21 business deals cap Duterte’s Middle East visit
TWENTY- ONE business-tobusiness deals worth $925 million were sealed on the heels of President Rodrigo R. Duterte’s sevenday state visit to the Middle East during the Christian Holy Week, tapping the Gulf region’s investment potential in halal industries as well as tourism, among others.
Mr. Duterte — who visited Saudi Arabia, Bahrain, and Qatar on April 10 to 16 — is set to bring home 26,000 new jobs from the multi-million dollar investment pledges, Trade Secretary Ramon M. Lopez said in a press briefing in Doha on Sunday.
In Saudi Arabia, seven agreements between Filipino and Saudi businessmen worth $470 million were inked during Mr. Duterte’s visit there that could yield 16,000 additional jobs in the Philippines.
The agreements, Mr. Lopez said, focus on industries like ecozones for production of halal products, tourism, pharmaceuticals, agriculture, engineering, and fine-dining logistics. The trade chief, however, declined to disclose the names of the companies involved in the business agreements.
Among the seven agreements from Saudi Arabia was a letter of intent (LoI) signed by Philippine Economic Zone Authority ( PEZA) Director- General Charito B. Plaza and Saudi Investment Group (SIG) President Shaikh Al Waleed Tuwaijri — a copy of which was obtained by BusinessWorld.
In the LoI, SIG signified its “serious interest” to invest $ 133.34 million in the Philippines particularly on industries like agro- industrial processing, port infrastructure logistics and “other export oriented/dollarearning activities.”
The Saudi firm also intends to put its money in other ecozone projects, “specifically in hotel operation and management, tourism, medical services and academy, and other projects as may be identified by PEZA.”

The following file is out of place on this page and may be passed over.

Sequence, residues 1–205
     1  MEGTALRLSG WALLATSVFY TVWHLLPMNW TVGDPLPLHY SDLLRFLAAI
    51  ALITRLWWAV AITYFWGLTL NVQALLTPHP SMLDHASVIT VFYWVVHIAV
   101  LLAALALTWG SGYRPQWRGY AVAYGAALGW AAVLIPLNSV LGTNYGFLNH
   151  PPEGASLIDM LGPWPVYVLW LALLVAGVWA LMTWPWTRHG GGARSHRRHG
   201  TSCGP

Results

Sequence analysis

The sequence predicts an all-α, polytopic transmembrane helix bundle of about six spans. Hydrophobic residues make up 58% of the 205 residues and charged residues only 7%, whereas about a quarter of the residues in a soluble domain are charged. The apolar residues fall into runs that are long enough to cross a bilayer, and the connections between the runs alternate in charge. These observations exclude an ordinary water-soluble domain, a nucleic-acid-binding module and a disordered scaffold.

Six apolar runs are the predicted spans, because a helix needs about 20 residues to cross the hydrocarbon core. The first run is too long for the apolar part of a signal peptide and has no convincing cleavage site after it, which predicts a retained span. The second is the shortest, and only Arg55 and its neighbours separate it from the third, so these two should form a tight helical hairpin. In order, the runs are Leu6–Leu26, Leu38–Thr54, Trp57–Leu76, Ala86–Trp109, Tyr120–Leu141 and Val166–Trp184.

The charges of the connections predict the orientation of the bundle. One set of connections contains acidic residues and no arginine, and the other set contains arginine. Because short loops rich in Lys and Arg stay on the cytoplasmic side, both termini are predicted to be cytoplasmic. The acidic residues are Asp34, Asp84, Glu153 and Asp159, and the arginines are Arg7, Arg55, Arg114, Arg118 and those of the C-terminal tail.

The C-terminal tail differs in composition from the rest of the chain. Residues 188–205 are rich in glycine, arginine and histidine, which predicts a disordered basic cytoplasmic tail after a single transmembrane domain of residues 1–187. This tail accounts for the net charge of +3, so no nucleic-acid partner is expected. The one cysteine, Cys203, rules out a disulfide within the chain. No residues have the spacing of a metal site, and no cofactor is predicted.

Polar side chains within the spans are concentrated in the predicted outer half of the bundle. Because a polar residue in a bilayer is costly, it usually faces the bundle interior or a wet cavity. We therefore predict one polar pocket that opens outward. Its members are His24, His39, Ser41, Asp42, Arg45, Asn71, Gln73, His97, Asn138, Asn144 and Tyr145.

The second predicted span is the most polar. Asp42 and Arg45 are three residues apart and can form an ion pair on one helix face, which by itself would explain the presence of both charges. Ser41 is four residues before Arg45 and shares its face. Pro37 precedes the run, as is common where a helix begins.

“(SIG) together with its partner investors signify their cooperation to make Kingdom of Saudi Arabia as a significant source of foreign direct investment for the Philippines,” the document read, adding that the agreement is expected to employ 6,650 Filipinos.
To recall, PEZA went on an investment road show in Qatar, Saudi Arabia, and the United Arab Emirates ( UAE) last February, which resulted in a total of $500 million worth of pledges, mostly benefiting the country’s Muslim regions.
In 2016, Saudi Arabia was the 17th largest Philippine trading partner out of 226, according to Trade department data. Approved investments from the Kingdom to the Philippines amounted to $4.14 million from 2008 to 2010.
In Bahrain, Mr. Duterte witnessed the signing of a Memorandum of Understanding between AMA Group Holdings Corp. and Nader & Ebrahim Sons of Hassan Co. W.L.L. — an agreement worth $250 million focusing on amplifying agricultural yields in Mindanao.
The project, Mr. Lopez said, is poised to produce 560,000 metric tons of various fruits with export value of $ 280 million annually by allotting an additional 10,000 hectares of farmland for agricultural production.
The Trade chief also said the deal is projected to initially generate 3,500 jobs in the Philippines. But this could go up to 40,000 jobs once the project is “fully operational” in three to five years.
Bahrain ranks as the Philippines’ 79th trading partner, data from the Philippine Foreign Affairs department show. Exports to Bahrain include aviation fuel, aircraft parts, household machines, and pasta.
Meanwhile, imports from the Kingdom include aluminum alloys, motor cars and other motor vehicles, plastic trunks, woven fabrics of synthetic staple fibers, and transmission apparatus for radiotelephony, radiotelegraphy and radio broadcasting or television.
On the last leg of Mr. Duterte’s country-visits to the Middle East, 13 business deals amounting to $206 million were signed in Qatar that could bring about 5,770 jobs to the Philippines.
The agreements with Qatari investors, Mr. Lopez said, include development of ecozones on tourism, information technology ( IT), poultry, halal food processing, digital marketing, manufacture & export facility of nanostructured carbon, among others.
In 2016, Qatar ranked as the Philippines’ 32nd trading partner, with bilateral trade amounting to $241 million.
The Middle East remains the country’s second largest source of remittances from overseas Filipinos, accounting for 28% of the total or almost $7.6 billion in 2016.
Meanwhile, data from the Energy department show that the region was the Philippines’ source of 87% of crude oil, with 36.1% from Saudi Arabia, the country’s top supplier.
The Middle East hosts more than one million overseas Filipino workers (OFWs) and labor issues rank high on the list of Philippine concerns.